Effects of single layer and bilayer hydroxyapatite scaffold architectures on cell activity




Hernandez, Jesus

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Estimates of over 500,000 bone-grafting procedures are performed annually in the United States, with approximately half of these procedures related to spine fusion (Greenwald AS 2001). Common therapies include autograft and allograft bone substitutes; however, these treatments carry associated risks such as donor site morbidity and disease transmission that may decrease the quality of life for any patient. This study is intended for development of a ceramic-based bone-graft substitute that can help substitute current bone-graft therapies. Currently, it is unclear as how pore gradients affect cellular activity. This study evaluated open-porous scaffolds with varying pore architecture in terms of metabolic activity, differentiation, and distribution for human embryonic palatal mesenchymal (HEPM) cells. Two hydroxyapatite (HAp) architectures consisting of different pore size configurations were evaluated. Five scaffold groups consisting of single (three uniform porous) and bilayer (two dual porous) designs were used and further evaluated through biological characterization via in vitro studies.

HAp characterization studies were evaluated for cell attachment and loading confluence to evaluate HEPM cellular response for 3-D scaffold seeding. Individual scaffold groups (n=6) were also evaluated for their surface area through BSA (Bovine Serum Albumin) protein adsorption along with porosity characterization. HEPM cells were further loaded onto each scaffold for 28 days to determine cell metabolic activity through alamarBlue and alkaline phosphatase detection. Cell distribution was evaluated via polarized light through longitudinal histological sections.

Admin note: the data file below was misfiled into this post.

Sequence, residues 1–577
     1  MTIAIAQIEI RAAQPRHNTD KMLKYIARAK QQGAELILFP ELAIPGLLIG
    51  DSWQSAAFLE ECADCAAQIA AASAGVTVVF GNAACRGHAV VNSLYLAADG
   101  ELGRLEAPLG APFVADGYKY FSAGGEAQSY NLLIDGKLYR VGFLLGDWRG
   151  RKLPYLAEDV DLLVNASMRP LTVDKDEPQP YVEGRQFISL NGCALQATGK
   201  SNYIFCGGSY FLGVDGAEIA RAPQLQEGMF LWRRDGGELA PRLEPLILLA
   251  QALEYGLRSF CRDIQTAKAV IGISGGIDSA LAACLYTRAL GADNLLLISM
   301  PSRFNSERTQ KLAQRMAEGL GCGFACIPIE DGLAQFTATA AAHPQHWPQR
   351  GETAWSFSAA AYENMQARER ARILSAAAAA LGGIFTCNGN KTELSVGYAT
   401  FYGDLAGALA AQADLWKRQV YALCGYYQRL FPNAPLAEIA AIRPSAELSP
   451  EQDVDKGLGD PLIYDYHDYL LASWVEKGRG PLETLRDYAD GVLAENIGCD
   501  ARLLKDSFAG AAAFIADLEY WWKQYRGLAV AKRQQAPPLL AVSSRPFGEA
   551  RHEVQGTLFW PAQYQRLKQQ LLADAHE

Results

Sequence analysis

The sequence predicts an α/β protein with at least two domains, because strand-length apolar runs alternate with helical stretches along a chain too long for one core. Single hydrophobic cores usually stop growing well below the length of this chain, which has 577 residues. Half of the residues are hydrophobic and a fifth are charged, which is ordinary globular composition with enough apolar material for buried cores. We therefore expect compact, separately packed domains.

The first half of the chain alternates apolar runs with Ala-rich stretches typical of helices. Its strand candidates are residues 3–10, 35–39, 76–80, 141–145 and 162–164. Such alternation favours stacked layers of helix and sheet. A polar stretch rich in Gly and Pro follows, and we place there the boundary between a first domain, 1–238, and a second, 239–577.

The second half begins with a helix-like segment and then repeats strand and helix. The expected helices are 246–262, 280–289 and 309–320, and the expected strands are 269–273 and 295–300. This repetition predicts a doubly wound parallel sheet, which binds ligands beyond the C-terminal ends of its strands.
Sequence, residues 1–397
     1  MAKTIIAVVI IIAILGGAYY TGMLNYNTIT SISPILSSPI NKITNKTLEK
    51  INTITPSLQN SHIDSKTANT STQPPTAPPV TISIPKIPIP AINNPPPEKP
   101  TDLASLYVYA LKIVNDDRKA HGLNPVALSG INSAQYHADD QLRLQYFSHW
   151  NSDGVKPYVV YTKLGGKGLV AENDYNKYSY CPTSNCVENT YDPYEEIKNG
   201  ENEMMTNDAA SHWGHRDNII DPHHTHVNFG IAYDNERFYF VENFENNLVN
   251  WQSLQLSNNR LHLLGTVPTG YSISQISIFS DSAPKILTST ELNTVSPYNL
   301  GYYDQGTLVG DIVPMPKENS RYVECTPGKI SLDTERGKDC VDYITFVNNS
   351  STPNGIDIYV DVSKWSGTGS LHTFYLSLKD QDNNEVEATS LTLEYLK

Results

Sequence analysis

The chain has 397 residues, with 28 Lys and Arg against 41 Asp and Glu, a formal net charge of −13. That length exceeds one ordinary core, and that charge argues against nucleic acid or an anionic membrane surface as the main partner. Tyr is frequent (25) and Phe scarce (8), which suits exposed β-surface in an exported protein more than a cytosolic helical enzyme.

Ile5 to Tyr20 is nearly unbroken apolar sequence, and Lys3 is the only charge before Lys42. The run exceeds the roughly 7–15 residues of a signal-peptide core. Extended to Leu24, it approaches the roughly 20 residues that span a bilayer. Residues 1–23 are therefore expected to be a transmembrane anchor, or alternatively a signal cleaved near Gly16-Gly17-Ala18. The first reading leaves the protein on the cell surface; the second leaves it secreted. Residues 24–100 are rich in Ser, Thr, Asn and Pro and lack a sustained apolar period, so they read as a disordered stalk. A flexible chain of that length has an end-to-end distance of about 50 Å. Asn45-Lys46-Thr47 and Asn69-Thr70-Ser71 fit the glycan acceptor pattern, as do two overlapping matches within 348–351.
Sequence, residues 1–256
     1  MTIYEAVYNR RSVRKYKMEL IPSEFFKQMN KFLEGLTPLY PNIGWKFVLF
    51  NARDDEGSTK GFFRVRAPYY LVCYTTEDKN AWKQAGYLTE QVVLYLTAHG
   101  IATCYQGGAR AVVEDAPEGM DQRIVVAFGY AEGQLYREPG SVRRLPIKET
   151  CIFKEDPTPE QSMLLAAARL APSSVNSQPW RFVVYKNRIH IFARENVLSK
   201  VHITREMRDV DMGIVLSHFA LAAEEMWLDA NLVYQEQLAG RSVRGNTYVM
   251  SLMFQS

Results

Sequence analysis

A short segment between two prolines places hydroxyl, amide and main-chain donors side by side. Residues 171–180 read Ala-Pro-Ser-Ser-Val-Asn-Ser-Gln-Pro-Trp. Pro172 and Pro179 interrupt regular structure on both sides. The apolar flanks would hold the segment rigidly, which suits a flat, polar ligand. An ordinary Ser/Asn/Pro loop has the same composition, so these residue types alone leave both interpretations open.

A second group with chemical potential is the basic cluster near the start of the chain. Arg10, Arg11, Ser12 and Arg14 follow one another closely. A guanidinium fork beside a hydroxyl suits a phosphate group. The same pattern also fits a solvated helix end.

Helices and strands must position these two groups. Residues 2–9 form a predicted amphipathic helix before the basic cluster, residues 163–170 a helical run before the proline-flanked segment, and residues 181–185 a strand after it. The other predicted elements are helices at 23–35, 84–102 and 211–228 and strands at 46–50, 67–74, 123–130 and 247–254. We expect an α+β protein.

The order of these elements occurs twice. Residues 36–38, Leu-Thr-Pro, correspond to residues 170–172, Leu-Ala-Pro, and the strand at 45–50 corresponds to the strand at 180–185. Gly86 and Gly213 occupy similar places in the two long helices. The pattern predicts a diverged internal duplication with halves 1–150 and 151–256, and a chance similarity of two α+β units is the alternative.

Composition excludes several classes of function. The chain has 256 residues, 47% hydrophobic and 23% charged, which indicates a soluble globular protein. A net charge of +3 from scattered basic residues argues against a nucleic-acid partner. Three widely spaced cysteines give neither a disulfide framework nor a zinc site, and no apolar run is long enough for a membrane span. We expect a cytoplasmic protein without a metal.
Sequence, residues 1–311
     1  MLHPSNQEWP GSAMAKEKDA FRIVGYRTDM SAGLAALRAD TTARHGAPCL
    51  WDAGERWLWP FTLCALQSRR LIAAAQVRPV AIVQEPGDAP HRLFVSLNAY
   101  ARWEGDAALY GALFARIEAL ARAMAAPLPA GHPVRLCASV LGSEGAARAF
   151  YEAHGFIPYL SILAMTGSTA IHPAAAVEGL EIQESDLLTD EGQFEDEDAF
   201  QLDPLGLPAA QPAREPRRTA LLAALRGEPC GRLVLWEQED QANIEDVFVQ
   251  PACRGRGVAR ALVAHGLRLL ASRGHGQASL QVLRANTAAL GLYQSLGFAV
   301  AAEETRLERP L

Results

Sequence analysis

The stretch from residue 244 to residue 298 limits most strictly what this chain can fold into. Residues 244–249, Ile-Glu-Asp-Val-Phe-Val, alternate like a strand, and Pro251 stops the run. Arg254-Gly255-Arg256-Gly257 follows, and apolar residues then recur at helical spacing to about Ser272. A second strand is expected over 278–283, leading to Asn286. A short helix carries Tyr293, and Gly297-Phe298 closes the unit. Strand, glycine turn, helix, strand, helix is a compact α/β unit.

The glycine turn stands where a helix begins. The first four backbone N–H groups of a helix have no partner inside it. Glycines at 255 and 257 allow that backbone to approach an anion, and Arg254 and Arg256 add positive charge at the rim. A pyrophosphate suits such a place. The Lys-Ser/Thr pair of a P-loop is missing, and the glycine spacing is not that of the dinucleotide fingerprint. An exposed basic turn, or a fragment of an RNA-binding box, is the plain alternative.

Porosity differences amongst each individual scaffold group showed no significant differences. BSA protein adsorption was highest in the 250μl scaffold group. Surface area through BSA adsorption was determined to not be significant. In addition, 28 days revealed high metabolic activity of a 200/340μm bilayer and 340μm single layer scaffold. Secreted alkaline phosphatase was measured to reveal that after 4 weeks, both bilayers (200/450μm, 200/340μm) and the 340μm single layer had the highest differentiation activity. Furthermore, cell distribution revealed that scaffolds consisting of larger pore size had an even distribution of HEPM cells throughout the construct.


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Bilayer, Cell Activity, Cell Distribution, Hydroxyapatite, Scaffold, Single Layer



Biomedical Engineering